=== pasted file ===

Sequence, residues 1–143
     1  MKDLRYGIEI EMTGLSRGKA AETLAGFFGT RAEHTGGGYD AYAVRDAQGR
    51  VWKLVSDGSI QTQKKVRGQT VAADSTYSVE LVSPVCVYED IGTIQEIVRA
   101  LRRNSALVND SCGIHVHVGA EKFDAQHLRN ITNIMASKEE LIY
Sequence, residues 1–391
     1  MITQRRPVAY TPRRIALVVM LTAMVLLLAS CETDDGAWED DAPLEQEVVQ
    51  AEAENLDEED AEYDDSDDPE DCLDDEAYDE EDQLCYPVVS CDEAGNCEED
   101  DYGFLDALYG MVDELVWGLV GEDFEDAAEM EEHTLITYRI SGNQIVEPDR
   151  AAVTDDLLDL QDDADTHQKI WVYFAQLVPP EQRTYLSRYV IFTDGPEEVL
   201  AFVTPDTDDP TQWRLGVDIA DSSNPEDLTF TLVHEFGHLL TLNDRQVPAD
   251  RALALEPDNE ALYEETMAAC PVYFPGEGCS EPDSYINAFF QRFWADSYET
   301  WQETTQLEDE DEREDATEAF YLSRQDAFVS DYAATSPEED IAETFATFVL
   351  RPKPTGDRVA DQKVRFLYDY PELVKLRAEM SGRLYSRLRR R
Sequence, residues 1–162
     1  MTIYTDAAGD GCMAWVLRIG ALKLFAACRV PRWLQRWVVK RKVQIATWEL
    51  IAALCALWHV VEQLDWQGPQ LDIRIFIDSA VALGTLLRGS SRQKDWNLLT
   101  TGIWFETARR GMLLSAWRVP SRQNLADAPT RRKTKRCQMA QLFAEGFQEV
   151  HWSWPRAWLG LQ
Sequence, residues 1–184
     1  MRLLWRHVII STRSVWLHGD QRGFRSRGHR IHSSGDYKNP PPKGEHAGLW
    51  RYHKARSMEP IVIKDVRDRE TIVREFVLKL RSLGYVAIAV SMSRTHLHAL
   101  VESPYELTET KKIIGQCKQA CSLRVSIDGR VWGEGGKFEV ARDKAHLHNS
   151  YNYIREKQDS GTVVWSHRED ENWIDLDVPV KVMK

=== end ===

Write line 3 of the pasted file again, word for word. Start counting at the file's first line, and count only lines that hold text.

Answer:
    51  VWKLVSDGSI QTQKKVRGQT VAADSTYSVE LVSPVCVYED IGTIQEIVRA